Television Review

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The Independent Culture
EXPLOITATION NEEDS a rest. Exploitation is an overworked word these days and it never gets the nice jobs: it's what bosses do to workers, pimps do to prostitutes, cowboys do to Indians, rich countries do to poor countries, and never what orange trees do to sunshine. So let's go easy on exploitation for a while. Let some other word deal with the nasty stuff.

But before exploitation packs its bags and heads for the sun, we could do with making use of its services for a while, just long enough to sort out Bravo Two Zero (BBC1) and The Vice (ITV). Now, both of these were grown-up dramas which tried to treat serious themes (war, prostitution) in an adult manner, and both of them set out to convince the viewer that they weren't simply exploiting sex and violence for ratings. But, of course, that's exactly what they were doing. How could they help it?

Andy McNab's Bravo Two Zero at least had the excuse that it was based on true-life events, though as the story has become further and further removed from the actual events - first by being turned into a bestselling book, then by being transposed onto the small screen - that fact has started to seem less important. McNab has said that he agreed to let the BBC have the film rights because the corporation was concerned with being faithful to his account of an SAS patrol's experience of being stuck behind Iraqi lines during the Gulf War. But drama is drama; and watching this expensively made two-parter, authenticity felt more like a stylistic choice than anything to do with representing reality. The viewer was allowed the odd swift glimpse of raw flesh following a firefight with Iraqi troops, just enough to remind you, briefly, that war is horrific, but not enough to horrify you.

Not that I didn't enjoy Bravo Two Zero. I had an Action Man as a boy - three of them, in fact - and will probably always be a sucker for tales of military heroism, even when, as here, the heroic tone is camouflaged by downbeat talk about "professionalism" and "the training taking over". Sunday night's first half thrilled the Action Man owner in me - especially the part when the eight-man platoon, "compromised" by an Arab shepherd boy (whoops), were forced to fight off Iraqi tanks and armoured personnel carriers. But it was hard not to notice the imperial echoes: this was a replay, with machine guns and rocket launchers, of Zulu, or Beau Geste, or The Four Feathers.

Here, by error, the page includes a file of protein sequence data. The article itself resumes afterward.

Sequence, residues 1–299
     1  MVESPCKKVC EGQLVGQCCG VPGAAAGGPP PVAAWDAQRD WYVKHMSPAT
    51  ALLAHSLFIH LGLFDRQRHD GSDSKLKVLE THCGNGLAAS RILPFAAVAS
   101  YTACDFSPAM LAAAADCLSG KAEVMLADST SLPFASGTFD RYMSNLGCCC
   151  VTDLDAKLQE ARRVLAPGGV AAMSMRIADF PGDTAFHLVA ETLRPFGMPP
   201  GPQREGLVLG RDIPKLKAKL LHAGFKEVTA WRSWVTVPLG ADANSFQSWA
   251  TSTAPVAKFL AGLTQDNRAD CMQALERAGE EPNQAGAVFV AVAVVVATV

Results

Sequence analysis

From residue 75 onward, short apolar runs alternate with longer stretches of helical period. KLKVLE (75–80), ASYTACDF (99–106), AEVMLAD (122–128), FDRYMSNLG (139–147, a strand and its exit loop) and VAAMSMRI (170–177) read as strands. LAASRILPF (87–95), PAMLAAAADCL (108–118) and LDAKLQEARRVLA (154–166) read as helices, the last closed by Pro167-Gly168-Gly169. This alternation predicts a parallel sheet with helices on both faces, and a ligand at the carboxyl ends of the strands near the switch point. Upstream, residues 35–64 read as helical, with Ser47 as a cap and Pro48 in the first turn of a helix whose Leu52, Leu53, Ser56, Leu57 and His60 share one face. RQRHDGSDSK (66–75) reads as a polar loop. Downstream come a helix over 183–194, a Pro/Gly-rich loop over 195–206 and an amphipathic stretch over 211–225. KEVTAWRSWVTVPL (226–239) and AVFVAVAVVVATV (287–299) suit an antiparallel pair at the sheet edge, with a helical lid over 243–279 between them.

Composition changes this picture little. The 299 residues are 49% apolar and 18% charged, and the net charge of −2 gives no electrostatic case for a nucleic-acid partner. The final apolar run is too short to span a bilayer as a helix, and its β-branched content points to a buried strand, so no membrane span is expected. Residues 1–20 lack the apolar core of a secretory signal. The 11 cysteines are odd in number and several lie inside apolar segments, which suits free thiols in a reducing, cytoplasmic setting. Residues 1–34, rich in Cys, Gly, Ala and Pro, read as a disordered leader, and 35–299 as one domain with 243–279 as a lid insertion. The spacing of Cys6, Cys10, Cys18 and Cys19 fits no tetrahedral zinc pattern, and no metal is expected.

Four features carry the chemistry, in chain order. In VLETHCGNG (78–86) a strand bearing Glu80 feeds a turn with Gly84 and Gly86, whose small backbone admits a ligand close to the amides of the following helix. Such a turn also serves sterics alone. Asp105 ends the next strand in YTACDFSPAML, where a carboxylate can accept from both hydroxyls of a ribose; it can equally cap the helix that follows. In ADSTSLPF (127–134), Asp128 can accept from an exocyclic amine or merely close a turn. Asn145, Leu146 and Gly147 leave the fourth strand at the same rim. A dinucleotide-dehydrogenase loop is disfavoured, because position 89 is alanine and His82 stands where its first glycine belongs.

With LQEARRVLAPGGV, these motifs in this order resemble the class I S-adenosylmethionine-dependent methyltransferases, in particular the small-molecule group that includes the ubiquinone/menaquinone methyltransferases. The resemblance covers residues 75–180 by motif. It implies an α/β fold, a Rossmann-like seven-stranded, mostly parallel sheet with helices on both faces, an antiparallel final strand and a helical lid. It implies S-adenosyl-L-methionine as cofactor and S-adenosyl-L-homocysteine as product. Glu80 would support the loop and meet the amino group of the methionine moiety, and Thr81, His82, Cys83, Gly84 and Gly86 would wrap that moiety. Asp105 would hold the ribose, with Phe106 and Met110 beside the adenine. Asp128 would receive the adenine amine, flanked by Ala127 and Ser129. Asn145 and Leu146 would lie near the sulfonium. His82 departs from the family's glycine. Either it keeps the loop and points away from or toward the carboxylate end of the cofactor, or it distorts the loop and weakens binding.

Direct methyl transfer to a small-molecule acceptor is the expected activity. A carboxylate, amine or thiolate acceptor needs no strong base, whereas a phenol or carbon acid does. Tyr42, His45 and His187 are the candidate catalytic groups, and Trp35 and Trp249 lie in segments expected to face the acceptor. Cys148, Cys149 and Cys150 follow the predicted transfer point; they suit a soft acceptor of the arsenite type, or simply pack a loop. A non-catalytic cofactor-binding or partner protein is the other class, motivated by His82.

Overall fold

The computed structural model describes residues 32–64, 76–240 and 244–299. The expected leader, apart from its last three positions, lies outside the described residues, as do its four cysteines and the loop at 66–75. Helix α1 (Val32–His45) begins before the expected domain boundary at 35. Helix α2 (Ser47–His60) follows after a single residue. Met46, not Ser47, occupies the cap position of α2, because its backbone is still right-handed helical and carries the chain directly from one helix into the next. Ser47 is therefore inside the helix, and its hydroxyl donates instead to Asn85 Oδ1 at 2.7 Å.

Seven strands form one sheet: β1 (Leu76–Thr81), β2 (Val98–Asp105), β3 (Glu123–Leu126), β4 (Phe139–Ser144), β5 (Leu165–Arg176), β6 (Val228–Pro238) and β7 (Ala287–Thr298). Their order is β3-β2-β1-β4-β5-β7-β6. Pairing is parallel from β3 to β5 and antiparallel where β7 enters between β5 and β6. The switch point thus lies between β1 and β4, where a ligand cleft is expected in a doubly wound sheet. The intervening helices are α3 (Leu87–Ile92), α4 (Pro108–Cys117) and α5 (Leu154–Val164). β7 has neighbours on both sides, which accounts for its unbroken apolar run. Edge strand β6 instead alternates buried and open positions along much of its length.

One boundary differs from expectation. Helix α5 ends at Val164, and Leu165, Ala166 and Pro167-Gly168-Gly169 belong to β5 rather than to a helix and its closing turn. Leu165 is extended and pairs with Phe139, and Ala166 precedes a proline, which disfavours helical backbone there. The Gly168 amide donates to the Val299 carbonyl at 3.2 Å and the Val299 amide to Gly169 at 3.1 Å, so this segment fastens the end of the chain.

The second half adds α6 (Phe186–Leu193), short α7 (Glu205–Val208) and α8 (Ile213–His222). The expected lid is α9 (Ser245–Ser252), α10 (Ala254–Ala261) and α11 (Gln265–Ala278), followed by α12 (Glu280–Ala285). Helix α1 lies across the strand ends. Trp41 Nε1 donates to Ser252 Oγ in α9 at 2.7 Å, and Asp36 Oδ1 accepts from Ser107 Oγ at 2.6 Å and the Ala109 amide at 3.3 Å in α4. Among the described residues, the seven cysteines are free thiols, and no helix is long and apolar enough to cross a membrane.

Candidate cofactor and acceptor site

After McNab was captured and we got closer to the Iraqis, the feeling that we were being shown late-Victorian stereotypes got stronger. The Iraqi officers were heavily moustachioed types who respected the professionalism of their prisoners. The secret policemen were callow, giggling sadists - farting deliberately to discomfort the dignified Englishmen, forcing them to clean latrines with their bare hands while offering barely concealed sexual innuendo. However sincerely McNab's book or Troy Kennedy Martin's screenplay intended to portray the "truth", this was drama which exploited xenophobia and a boyish delight in things that go bang. It may have avoided showing too much blood, but it was still not a pretty spectacle.

The Vice had a different set of delusions: this one was all about complicated morality, how the police and the people they lock up are two sides of the same coin. At any rate, that seemed to be the message of the title sequence, which had the credits flashed up against a kaleidoscopically shifting picture of a police station and a brothel, the bleak blue corridors of one morphing seamlessly into the opulent scarlet spaces of the other.

It helped that the senior vice squad copper, Pat Chappel, was played by Ken Stott, whose face can't help signalling dogged, stoical vulnerability. He played the type of policeman - not that there is such a type - who sits on the sofa to comfort working girls while they talk about their abortions and then seals the conversation with a gentle kiss on the forehead. Meanwhile, Chappel's brash young assistant, Dougie, could barely hold in the drool while a beautiful high-class tart told him about keeping her clients on a tight leash. The viewer was supposed to identify with the puritanical but sympathetic Chappel; but really, we're just Dougies, and it's our need to be titillated that was being exploited here. Or why else would this be on commercial primetime?